lived on chemical components such as methane, hydrogen sulphide
or normal hydrogen. Oxygen became available
later in the history of earth. Whether the ecosystems we observe
at hydrothermal vents today are directly descended from such primordial systems has
yet to be proved. However, there is some evidence
that this is not the case but that they derived from
shallow water organisms. Despite this it is a fact that the
hydrothermal vents at the ocean floor developed early during
the history of the earth and therefore the origin of
life could have been here. Biologists, geologists and
chemists work together closely when it comes to investigating the
black smokers. Thanks to the collaboration they are starting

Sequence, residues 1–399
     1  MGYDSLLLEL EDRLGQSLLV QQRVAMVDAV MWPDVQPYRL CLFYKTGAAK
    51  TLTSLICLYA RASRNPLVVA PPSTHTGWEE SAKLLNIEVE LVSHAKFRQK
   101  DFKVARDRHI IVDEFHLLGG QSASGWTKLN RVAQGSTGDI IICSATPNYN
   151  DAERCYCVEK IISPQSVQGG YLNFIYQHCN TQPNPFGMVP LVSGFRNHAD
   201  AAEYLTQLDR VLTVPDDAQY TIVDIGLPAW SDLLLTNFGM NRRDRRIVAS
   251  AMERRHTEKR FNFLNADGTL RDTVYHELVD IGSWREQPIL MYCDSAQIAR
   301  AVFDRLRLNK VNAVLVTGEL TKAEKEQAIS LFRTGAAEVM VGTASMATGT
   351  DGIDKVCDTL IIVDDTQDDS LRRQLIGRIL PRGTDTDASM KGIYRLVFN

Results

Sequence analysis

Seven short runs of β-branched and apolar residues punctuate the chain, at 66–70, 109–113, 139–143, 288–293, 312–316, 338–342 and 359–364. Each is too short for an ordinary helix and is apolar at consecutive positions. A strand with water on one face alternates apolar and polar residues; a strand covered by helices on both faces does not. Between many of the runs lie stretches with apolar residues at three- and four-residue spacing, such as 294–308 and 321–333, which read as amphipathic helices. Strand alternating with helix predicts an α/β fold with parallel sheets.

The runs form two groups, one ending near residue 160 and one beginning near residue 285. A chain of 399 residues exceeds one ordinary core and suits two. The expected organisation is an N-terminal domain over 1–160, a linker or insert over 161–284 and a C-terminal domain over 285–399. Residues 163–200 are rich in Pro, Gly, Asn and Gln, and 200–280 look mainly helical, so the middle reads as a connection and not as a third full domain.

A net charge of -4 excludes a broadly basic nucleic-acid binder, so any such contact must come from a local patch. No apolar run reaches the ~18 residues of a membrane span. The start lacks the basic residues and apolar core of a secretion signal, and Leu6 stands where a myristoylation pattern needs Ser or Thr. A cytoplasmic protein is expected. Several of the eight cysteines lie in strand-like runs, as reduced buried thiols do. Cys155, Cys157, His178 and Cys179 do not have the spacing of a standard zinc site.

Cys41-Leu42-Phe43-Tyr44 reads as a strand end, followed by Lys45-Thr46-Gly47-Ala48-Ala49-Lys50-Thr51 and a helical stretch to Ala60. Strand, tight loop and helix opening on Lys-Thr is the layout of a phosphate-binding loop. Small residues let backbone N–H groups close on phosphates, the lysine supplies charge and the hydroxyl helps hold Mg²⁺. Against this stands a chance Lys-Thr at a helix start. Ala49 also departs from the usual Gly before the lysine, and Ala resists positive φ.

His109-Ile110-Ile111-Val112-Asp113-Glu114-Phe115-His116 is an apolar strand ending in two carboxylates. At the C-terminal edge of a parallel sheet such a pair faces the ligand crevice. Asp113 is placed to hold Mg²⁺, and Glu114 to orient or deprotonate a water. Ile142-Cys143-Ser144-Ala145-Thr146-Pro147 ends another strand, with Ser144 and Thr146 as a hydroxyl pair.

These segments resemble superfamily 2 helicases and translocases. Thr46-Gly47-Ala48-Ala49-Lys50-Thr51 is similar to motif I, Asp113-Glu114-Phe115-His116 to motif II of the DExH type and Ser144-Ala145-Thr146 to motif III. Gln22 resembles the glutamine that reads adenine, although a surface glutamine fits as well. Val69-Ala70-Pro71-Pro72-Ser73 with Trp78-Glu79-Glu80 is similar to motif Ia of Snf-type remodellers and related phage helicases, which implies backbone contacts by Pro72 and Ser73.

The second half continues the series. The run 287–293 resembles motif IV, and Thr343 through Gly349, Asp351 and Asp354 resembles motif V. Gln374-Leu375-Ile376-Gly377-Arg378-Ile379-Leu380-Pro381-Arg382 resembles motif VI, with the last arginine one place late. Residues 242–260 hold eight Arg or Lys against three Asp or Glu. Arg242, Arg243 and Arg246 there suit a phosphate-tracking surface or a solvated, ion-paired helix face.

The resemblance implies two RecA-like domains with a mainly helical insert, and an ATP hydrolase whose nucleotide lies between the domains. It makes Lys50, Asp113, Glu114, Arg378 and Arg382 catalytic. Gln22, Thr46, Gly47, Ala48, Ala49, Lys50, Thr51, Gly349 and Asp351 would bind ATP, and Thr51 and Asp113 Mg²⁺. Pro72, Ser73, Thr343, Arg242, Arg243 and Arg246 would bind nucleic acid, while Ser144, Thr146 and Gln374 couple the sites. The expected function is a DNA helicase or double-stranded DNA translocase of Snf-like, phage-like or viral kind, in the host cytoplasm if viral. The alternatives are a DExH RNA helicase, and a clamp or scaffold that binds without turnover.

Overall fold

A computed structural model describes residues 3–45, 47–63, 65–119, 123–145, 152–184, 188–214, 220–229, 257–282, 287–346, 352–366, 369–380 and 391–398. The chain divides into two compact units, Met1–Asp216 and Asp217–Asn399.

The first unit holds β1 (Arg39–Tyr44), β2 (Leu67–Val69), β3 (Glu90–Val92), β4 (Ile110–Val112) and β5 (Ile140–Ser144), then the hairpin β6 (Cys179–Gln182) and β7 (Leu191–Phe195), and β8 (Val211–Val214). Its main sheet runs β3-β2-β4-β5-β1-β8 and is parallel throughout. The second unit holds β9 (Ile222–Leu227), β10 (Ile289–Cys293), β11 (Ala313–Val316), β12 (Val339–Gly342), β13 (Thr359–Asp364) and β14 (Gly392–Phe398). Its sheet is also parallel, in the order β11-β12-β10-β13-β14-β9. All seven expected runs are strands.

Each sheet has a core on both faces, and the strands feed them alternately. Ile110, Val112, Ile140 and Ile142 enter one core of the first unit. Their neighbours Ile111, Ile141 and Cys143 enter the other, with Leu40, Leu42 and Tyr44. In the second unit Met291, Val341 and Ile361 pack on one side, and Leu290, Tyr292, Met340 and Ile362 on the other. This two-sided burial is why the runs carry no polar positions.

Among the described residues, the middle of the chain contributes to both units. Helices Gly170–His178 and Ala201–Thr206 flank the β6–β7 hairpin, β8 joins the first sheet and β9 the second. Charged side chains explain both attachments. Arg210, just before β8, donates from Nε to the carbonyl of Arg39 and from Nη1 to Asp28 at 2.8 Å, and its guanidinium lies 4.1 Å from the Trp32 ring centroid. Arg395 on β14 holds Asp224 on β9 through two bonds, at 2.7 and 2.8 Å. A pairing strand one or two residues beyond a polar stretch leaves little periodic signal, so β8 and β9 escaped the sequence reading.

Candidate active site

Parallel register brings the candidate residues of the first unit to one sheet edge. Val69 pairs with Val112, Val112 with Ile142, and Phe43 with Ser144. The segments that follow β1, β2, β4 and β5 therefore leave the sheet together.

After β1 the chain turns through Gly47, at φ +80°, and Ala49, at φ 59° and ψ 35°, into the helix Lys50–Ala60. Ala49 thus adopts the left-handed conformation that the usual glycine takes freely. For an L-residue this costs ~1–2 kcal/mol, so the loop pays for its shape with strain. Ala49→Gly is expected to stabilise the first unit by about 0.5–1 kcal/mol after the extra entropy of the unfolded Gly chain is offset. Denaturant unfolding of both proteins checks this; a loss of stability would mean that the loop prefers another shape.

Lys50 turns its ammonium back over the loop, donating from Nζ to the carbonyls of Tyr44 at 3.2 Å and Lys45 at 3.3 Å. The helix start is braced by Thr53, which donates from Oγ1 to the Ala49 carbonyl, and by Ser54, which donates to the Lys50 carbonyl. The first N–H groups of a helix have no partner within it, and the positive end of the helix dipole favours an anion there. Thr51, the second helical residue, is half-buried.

to understand the complex system at the bottom of the Sea. For sure there’s still a lot to discover
in the depths of the oceans and maybe the discoveries yet to be made can one day help to supply the
world’s population with raw materials.

22 Replies to “Black Smokers: Ore Factories of the Deep”

  1. Incredible video. I am fully agree with him that first creatures must have lived on chemical components.

  2. This reminds me of Jeremiah 5:20-22

    20 “Announce this to the descendants of Jacob
        and proclaim it in Judah:
    21 Hear this, you foolish and senseless people,
        who have eyes but do not see,
        who have ears but do not hear:
    22 Should you not fear me?” declares the Lord.
        “Should you not tremble in my presence?
    I made the sand a boundary for the sea,
        an everlasting barrier it cannot cross.
    The waves may roll, but they cannot prevail;
        they may roar, but they cannot cross it.